Piatek can't stop scoring. When he found the net against Lazio -- making it five in four league games -- his start to life in Serie A matched that of Milan great Andriy Shevchenko in 1999. He then bettered Brazilian legend Zico, who announced himself with six in seven in Udine back in the 1980s. And now he has nine in seven -- with Batistuta's record 11-game scoring streak from the start of the 1994-95 season firmly in his sights.
Piatek is scoring at a rate expected of Juventus' Cristiano Ronaldo (who has four in eight by the way). The Pole seems to have caught everyone napping. Not only Ronaldo and the league's other top strikers who, with the exception of Lazio's Ciro Immobile (five goals in seven), needed a while to catch fire this season. But what about the clubs? How is it that no one else felt Piatek was worth a punt?
The reason his story captures the imagination is because he is a player who came out of nowhere in an age when the amount of information available means nothing escapes anyone anymore. How did he lay undiscovered for so long, plucked from Poland not as an undeveloped teenager but as a 23-year-old who must have wondered why he was still hanging around the Ekstraklasa?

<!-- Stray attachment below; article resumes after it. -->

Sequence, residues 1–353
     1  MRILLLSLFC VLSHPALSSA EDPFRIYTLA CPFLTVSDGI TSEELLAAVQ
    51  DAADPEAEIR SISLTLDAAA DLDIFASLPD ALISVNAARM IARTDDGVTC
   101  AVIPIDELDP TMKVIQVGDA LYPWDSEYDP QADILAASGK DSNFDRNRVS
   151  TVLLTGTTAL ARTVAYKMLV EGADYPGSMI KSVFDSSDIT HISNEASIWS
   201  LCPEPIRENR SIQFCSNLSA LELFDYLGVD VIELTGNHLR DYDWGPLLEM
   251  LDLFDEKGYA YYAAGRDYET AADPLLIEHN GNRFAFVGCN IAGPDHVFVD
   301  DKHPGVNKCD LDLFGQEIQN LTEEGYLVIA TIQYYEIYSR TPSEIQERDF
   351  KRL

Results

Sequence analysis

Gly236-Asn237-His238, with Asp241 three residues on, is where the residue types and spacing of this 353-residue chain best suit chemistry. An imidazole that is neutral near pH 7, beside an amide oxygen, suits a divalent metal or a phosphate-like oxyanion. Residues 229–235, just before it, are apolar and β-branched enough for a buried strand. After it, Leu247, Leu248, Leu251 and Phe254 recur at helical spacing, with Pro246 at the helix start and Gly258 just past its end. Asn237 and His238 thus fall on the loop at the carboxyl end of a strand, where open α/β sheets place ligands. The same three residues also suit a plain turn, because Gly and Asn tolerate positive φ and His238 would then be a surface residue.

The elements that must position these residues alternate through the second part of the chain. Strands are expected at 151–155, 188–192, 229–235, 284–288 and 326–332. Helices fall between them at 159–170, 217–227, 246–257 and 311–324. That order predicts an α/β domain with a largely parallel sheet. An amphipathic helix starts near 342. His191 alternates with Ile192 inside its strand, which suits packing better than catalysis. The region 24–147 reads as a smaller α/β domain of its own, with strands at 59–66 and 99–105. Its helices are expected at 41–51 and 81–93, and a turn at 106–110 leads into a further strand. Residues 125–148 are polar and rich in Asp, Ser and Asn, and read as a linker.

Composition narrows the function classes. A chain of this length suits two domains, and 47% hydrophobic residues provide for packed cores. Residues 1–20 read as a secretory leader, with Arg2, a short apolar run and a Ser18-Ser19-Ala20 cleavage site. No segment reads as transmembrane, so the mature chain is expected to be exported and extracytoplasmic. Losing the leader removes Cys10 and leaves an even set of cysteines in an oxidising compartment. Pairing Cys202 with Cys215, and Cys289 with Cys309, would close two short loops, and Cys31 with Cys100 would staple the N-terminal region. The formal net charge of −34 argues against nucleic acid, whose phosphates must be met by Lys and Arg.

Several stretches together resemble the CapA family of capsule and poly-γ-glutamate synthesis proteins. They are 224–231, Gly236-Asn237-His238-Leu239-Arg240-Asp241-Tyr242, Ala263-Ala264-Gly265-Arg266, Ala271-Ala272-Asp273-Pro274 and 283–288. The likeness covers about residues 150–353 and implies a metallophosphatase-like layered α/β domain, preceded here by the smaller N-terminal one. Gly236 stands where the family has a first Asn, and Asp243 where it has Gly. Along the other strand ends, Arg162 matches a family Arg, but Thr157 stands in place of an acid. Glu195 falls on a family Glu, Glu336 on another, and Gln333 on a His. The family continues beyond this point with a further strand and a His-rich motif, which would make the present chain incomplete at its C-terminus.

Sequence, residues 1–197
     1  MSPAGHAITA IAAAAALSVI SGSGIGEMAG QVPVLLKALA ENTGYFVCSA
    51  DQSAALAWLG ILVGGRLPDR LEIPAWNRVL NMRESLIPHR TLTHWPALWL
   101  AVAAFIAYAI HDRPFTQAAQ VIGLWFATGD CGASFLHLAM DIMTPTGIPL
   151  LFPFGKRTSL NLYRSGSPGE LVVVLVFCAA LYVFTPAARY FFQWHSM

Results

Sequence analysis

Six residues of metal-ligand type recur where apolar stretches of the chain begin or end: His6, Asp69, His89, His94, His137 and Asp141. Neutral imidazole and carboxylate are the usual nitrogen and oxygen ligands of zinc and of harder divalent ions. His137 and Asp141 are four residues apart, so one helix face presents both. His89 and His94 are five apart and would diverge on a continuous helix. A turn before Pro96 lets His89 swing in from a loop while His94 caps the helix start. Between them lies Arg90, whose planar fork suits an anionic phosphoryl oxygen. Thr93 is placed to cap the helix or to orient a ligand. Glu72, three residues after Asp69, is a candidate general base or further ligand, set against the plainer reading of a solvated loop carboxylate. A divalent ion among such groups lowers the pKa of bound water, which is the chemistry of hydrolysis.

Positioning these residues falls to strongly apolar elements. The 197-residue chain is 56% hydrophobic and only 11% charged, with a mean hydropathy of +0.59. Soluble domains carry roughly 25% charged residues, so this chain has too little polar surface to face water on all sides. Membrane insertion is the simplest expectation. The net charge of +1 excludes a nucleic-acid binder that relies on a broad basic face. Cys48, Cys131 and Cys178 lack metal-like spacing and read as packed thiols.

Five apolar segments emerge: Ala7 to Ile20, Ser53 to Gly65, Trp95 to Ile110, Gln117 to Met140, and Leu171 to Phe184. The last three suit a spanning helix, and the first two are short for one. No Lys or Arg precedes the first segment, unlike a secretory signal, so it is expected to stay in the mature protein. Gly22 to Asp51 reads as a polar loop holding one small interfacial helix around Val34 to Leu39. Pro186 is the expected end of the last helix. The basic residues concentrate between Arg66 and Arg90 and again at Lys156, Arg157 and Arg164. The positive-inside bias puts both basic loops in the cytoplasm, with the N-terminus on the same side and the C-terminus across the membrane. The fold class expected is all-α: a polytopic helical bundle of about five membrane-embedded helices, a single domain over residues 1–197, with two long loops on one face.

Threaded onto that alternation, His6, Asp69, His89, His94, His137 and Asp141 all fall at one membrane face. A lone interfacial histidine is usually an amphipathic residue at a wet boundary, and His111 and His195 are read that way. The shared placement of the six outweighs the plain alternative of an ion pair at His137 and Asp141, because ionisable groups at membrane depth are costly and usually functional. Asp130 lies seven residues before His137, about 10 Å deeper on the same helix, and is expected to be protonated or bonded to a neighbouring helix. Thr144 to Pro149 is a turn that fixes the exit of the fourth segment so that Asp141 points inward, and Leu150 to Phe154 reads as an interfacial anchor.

One thing's for sure: now everybody knows Piatek's name. Interest from Europe's biggest clubs is beginning to mount and there are daily rumours linking him to Bayern (who still have the original Lewandowski), Real Madrid, Chelsea, Manchester City and many more.
For now though, the fire is lit and still roaring. Partnered with Lewandowski, Piatek headed in another goal as Poland lost 3-2 to Portugal on Thursday night. But, for Preziosi, one out-shining the other represents less of a redemption, more of a vindication. "If I think back about what I thought about him then and what I think about Piatek now," he said. "I can't say anything other than: Krzysztof is potentially better, a lot better."